Sex education is a contentious subject in U.S. politics. Before Obama’s presidency, the federal government only funded abstinence education, but in 2009 Obama created the Office of Adolescent Health and diverted some of these funds to create an approved list of practices shown to prevent teen pregnancy (several sources show abstinence-only education does not) through research. With Trump as president, the future of sex ed is an open question, but sociologists can offer some insight regarding what we already know.
Public sex education or “social hygiene” appeared in the U.S. at the turn of the 20th century in response to concerns about increasing urbanization and growing sexual temptations. During the 1960s and 70s, sexual cultures in the U.S. underwent further shifts, influenced by feminism, youth culture, and the gay rights movement. However, anxieties about sex, especially for youth in the U.S., remained. Debates about what kind of sex education to provide for youth seemed to occur between two poles — sexual liberals who supported a comprehensive sex education in schools and sexual conservatives who supported abstinence-only education.
- Jeffrey Moran. 2000. Teaching Sex: The Shaping of Adolescence in the 20th Century. Cambridge, MA: Harvard University Press.
- Kristin Luker. 2007. When Sex Goes to School: Warring Views on Sex–and Sex Education–Since the Sixties. New York: W. W. Norton & Company.
- Janice Irvine. 2004. Talk about Sex: The Battles over Sex Education in the United States. Berkeley: University of California Press.
No matter which type of sex education is implemented, sex ed is ultimately about regulating youth sexuality. Political actors and popular conversations alike frame youth sex as a social problem that requires intervention. Much of this discourse focuses on sex as a danger for children and young adults. Thus, sex education in the U.S. draws on an assumption of risk, relying on prevention-based education.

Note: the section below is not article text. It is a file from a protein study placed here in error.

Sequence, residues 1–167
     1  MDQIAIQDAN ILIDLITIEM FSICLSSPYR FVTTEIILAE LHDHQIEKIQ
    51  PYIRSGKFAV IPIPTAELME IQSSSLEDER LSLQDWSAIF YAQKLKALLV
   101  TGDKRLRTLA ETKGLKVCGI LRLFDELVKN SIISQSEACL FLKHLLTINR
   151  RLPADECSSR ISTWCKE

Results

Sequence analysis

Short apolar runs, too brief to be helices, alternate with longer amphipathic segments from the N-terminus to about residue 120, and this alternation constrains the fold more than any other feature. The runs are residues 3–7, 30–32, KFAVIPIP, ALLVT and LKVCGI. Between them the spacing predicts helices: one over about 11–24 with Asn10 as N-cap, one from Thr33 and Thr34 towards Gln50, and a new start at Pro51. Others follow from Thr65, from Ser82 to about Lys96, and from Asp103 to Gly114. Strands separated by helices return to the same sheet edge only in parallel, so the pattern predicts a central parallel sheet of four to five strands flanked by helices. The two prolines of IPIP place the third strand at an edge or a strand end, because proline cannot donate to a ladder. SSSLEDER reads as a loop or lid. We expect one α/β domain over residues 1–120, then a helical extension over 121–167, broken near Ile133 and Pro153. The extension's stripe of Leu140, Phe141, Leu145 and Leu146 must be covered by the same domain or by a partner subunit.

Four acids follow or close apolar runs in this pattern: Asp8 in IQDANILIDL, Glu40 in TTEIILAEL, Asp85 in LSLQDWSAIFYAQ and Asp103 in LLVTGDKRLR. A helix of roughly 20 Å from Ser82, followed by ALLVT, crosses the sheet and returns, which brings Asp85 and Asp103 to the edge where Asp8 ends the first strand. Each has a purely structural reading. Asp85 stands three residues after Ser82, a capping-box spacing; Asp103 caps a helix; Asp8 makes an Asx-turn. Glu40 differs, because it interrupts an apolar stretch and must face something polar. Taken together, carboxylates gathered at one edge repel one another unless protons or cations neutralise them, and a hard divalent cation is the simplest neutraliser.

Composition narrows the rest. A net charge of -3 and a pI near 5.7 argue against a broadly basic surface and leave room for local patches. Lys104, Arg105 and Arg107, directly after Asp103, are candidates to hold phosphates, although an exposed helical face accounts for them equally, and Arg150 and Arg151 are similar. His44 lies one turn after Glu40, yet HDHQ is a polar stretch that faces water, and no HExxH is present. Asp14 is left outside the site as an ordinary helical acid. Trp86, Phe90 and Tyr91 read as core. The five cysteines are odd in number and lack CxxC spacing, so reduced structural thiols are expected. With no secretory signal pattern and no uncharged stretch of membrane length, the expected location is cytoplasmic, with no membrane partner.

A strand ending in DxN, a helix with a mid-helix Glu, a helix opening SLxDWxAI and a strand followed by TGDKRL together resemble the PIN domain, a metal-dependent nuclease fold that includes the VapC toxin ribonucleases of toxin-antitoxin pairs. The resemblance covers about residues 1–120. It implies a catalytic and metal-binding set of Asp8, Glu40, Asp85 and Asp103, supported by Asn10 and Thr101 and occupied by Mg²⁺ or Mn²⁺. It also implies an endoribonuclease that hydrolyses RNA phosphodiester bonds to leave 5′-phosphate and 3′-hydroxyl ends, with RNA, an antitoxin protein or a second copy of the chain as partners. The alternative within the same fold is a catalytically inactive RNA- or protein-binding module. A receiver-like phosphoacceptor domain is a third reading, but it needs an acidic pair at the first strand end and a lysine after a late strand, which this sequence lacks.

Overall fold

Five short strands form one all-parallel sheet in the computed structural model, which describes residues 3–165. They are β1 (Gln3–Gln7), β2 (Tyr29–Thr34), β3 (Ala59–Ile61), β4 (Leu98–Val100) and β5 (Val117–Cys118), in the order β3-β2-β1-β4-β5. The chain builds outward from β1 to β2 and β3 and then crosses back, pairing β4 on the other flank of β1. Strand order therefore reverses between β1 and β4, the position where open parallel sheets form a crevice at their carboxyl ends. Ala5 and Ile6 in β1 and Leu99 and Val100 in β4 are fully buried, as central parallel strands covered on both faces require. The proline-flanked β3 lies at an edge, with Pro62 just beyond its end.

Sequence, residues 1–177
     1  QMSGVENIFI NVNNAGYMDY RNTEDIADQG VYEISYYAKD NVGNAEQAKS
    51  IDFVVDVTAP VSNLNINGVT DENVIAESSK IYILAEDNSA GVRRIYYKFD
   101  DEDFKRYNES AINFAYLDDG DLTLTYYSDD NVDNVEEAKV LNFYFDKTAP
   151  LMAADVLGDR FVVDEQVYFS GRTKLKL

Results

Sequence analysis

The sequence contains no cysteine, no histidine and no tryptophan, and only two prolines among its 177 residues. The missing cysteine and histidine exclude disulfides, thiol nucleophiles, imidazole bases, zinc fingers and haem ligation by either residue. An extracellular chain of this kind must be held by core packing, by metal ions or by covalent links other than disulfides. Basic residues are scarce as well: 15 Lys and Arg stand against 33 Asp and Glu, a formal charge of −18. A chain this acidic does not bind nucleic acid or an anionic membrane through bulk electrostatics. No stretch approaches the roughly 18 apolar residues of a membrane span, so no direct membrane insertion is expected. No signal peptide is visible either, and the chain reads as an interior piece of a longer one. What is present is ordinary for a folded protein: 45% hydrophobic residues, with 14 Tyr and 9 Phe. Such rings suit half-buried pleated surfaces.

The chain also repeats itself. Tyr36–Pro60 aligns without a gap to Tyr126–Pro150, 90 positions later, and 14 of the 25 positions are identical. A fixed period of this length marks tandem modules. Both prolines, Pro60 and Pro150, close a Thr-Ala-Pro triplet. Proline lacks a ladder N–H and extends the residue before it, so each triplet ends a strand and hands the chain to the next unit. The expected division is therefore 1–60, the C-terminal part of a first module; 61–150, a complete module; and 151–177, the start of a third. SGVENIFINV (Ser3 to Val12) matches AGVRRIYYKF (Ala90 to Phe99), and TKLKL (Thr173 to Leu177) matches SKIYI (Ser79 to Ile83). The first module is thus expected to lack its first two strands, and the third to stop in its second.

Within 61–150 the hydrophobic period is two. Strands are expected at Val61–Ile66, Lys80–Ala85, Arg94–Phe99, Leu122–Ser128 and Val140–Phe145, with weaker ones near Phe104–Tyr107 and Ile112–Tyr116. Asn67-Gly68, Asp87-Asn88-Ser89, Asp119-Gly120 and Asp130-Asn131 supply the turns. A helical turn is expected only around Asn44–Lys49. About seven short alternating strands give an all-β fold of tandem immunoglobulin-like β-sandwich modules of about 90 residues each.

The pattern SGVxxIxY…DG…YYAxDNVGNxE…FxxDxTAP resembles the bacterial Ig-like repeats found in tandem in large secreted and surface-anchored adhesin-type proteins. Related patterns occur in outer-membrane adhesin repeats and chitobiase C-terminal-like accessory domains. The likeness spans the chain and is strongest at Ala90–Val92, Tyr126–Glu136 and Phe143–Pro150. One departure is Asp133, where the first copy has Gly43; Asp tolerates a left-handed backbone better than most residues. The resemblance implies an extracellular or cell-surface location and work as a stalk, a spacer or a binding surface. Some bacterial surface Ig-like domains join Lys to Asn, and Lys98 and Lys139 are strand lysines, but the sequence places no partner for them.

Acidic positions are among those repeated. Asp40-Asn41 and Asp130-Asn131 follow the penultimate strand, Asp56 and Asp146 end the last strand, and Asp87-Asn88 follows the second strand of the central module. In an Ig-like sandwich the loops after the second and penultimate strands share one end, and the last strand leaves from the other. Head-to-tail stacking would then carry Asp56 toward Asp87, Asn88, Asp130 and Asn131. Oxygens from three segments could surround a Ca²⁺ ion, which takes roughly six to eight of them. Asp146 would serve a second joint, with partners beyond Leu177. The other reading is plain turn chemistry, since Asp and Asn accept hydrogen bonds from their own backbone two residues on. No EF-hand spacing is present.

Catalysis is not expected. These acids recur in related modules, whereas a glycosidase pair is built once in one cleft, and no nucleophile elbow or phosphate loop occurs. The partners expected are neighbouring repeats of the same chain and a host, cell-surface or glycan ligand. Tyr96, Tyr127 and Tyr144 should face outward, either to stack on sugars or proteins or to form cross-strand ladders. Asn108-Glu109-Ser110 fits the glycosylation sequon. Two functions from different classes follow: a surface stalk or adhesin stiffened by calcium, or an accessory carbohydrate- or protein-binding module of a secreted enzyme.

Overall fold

- Jessica Fields. 2012. “Sexuality Education in the United States: Shared Cultural Ideas across a Political Divide.” Sociology Compass 6(1): 1–14.
However, sex educators and the curriculum they use do not assume all children are equally innocent or at risk. Scholars show that sex education often draws on racial stereotypes of youth of color as sexually deviant. Youth of color are “adultified” and thus perceived as more sexual than their white peers. For instance, teachers often characterize African American girls as sexually opportunistic and assume Latina teens are inherently at risk of teen pregnancy. Further, boys are assumed to be sexually aggressive, and girls are held responsible for dealing with boys’ desires.
- Jessica Fields. 2008. Risky Lessons Sex Education and Social Inequality. New Brunswick: Rutgers University Press.
- Lorena García. 2009. “‘Now Why Do You Want to Know about That?’ Heteronormativity, Sexism, and Racism in the Sexual (Mis)education of Latina Youth.” Gender & Society 23(4): 520–41.